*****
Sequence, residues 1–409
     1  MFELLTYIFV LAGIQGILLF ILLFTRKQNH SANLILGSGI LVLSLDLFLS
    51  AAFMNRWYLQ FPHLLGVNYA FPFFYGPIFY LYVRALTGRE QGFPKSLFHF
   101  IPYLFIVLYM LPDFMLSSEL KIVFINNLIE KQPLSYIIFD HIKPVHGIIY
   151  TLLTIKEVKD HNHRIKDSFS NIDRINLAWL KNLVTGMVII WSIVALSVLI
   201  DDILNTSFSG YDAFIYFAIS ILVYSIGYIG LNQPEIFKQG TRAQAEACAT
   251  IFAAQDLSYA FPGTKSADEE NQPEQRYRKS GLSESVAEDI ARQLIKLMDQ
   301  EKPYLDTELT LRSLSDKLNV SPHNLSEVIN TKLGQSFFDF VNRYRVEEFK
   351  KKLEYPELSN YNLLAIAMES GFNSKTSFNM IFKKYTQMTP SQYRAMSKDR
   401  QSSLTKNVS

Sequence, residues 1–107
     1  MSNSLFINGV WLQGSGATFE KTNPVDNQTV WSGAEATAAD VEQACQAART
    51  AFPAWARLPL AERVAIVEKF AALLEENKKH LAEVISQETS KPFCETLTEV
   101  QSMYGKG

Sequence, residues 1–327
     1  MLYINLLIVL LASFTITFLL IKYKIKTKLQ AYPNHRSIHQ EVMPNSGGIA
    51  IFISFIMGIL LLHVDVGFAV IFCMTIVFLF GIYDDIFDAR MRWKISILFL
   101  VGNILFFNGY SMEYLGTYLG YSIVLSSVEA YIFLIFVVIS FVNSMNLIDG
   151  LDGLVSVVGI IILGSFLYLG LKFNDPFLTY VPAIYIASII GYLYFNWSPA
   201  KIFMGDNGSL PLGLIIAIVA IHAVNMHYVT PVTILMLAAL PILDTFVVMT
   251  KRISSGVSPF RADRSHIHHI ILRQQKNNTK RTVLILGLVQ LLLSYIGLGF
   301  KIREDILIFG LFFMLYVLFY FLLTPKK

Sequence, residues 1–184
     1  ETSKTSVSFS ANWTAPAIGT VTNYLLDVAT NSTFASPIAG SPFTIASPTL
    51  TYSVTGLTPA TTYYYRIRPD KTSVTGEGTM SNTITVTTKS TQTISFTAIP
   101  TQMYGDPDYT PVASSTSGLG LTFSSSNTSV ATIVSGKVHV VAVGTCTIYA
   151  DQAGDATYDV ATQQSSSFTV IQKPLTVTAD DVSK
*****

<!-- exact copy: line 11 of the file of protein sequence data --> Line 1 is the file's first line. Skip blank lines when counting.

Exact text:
Sequence, residues 1–107